Enter a Labyrinth of Light, Color and Air with Dodecalis Luminarium
The UK’s Architects of Air has returned to Sydney Festival with another magnificent inflatable installation. This time, it’s the wildly impressive, mesmeric creation known as the "Dodecalis Luminarium", a labyrinth of tunnels, domes and secretive spaces at Darling Harbour’s Tumbalong Park.
It is often a sense of wonder in which people can experience the full showcase of a luminarium. What is a luminarium you may ask? Well, the idea derives from the Latin word "Luminar" meaning "to light" it can be defined as a walk-in sculpture designed purely by the display of lights and colors. Often each luminarium is an original design in order to capture the imagination of the audience and artists alike.
Dodecalis Luminarium does exactly that. When visitors walk inside they enter an alternative, lucid and dream-like world filled with dazzling lights in a myriad of colors. But the surprising thing is that it’s all derived from sunshine – diffused through translucent, recyclable, custom-made PVC material, making this truly a one of a kind innovation.
The sculpture consists of three domes, each based on the dodecahedron (a 12-sided solid) and evocative of Islamic architecture. A web of tunnels links them together.
“I’ve experimented with different approaches to the dodecahedron for 25 years,” says Parkinson. “The form attracts me because it has an asymmetric floor plan that helps to disorientate the visitor. It is essential that visitors lose themselves.”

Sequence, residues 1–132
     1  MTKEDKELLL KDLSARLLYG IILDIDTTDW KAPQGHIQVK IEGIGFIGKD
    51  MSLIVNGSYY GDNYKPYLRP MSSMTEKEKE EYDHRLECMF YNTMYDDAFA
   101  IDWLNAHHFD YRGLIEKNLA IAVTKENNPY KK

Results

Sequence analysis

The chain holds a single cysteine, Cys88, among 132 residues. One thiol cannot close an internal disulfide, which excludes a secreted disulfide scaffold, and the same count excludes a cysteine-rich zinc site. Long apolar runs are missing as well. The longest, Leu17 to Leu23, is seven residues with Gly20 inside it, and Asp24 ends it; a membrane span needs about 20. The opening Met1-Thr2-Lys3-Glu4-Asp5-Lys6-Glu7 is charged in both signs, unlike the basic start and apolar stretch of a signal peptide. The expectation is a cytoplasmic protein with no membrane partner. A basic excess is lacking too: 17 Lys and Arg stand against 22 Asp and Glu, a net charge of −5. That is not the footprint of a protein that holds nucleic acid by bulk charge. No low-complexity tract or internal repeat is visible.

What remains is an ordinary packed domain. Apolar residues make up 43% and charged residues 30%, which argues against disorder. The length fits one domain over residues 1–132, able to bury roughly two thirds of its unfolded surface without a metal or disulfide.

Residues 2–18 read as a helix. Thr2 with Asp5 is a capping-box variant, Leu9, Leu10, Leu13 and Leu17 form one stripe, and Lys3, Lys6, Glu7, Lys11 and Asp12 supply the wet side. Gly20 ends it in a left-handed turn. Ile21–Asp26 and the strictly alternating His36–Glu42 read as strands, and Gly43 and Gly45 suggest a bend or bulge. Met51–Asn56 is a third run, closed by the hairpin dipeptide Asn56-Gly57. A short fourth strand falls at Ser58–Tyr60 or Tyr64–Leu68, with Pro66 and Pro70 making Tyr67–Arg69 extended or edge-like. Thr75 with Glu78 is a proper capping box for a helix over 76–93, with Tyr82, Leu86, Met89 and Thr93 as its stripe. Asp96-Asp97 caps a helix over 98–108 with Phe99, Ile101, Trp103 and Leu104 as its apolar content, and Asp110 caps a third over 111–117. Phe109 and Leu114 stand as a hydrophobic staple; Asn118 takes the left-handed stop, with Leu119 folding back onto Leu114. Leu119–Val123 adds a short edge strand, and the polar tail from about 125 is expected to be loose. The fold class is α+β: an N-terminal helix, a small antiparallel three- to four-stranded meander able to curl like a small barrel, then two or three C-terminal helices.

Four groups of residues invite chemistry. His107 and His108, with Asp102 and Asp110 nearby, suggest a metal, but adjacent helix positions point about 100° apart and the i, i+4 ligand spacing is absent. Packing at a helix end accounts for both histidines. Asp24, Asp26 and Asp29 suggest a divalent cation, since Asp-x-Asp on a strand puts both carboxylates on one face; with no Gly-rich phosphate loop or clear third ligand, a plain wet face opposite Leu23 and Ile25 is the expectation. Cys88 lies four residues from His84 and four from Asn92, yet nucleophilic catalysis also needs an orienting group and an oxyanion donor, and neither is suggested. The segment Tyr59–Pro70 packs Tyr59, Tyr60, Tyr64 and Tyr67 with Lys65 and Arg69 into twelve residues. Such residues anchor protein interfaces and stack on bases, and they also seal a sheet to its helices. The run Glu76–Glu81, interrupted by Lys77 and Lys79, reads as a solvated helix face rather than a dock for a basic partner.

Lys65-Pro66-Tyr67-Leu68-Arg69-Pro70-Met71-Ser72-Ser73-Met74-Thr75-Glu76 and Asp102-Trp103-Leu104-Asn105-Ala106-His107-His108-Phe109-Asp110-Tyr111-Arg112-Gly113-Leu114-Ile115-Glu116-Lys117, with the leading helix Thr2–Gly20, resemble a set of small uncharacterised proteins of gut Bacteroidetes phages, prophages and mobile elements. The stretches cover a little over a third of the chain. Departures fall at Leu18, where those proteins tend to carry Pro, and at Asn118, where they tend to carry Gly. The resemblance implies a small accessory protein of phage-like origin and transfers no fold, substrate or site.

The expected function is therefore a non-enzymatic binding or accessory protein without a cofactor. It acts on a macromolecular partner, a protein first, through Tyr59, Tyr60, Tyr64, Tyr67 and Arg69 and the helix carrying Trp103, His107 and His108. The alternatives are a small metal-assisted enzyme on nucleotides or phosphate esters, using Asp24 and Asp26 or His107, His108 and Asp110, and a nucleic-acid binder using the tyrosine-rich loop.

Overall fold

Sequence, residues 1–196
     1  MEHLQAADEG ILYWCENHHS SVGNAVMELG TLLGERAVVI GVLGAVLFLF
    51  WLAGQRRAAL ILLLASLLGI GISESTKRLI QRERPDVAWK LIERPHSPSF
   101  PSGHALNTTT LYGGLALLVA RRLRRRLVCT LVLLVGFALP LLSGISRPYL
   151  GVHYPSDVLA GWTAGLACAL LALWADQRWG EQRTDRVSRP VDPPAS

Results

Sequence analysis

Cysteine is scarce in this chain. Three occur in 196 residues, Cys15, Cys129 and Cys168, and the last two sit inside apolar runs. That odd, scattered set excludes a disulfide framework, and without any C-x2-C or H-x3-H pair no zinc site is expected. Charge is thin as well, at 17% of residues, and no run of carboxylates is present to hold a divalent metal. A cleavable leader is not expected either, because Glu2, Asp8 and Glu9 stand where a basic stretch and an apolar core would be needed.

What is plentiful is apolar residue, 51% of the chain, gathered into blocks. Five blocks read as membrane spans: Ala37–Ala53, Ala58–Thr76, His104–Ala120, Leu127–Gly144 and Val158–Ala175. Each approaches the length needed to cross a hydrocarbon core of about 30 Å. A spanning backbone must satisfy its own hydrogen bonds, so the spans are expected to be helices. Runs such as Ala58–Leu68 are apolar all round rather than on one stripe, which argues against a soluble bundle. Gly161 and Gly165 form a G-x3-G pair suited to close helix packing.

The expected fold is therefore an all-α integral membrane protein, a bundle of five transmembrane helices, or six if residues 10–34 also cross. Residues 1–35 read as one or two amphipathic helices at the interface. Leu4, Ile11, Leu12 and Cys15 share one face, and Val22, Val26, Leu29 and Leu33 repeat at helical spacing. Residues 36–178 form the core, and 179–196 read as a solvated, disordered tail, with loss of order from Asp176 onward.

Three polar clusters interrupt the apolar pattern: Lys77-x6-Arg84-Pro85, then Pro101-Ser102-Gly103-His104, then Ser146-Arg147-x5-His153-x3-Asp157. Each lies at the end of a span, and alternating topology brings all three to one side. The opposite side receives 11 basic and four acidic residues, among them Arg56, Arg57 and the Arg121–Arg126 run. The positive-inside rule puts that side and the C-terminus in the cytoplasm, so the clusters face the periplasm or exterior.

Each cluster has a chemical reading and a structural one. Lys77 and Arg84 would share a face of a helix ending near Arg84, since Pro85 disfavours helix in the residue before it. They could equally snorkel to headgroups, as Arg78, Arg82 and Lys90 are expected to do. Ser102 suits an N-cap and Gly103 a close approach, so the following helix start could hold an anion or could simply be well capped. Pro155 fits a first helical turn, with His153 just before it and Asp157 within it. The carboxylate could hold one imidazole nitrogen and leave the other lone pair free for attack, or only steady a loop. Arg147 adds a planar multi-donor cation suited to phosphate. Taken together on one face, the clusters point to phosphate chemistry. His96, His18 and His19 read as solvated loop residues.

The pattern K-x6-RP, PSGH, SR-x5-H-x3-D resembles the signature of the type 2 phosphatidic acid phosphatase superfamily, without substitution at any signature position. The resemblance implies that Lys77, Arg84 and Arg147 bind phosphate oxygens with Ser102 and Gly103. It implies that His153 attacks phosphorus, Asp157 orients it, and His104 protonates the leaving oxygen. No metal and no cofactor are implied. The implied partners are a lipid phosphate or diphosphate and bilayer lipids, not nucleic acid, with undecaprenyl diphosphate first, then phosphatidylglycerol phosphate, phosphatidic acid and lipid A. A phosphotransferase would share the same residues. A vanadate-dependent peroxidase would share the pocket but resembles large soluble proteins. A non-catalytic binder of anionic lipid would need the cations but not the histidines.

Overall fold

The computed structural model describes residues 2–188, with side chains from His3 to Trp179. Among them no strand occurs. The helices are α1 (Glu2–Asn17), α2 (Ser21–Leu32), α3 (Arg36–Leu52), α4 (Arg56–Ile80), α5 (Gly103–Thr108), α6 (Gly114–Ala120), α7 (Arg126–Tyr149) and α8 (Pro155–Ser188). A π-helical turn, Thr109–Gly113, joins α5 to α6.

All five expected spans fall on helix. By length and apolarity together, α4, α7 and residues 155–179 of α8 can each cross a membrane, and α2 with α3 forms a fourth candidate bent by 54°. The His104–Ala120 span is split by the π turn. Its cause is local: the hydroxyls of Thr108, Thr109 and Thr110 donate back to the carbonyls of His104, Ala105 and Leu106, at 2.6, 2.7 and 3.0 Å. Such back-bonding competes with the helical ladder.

Getting lost is so very easy. One minute you find yourself in a narrow disorientating tunnel, the next in a high-ceilinged room, the next in an alcove. As the spaces and atmosphere change around you, so too does the color of the light – from electric blue to warm red to cool green – and the geometric patterns are above and around you.
“Without a doubt, my favorite part is the Main Dome,” says Parkinson. “I love the calmness of it; a calm that you’ll only find after you’ve passed through the more exciting elements of the luminarium.”
Adding to the experience is the music that plays throughout which only adds to the atmosphere and aura of the whole event. It is the "Mountains of Venice" by UK-based composer David Bickley. “I particularly like the music for its capacity to create a mood of slow contemplation – and I hope it will have a similar effect on the Sydney visitors,” says Parkinson.
He founded Architects of Air in Nottingham in 1992, after spending years experimenting with pneumatic sculptures.
“I got into inflatables very much by accident,” he says. “I am self-taught in design and, for some reason, inflatables are a good fit with my aptitudes, for which I’m grateful.
“I’m not entirely sure what the appeal of these inflatable environments are for me – my intuitions about it have shifted with time and there are many dimensions to the experience.
“The fundamental thing that still touches me is the experience of light and colour. I’m still ambushed by the instances of beauty that somehow take me by surprise, even though I’m so familiar with the physical objects.”
This will be the Architects of Air 3rd visit to Sydney as they have visited Sydney Festival twice before – with Exxopolis in 2014 and Mirazozo in 2011.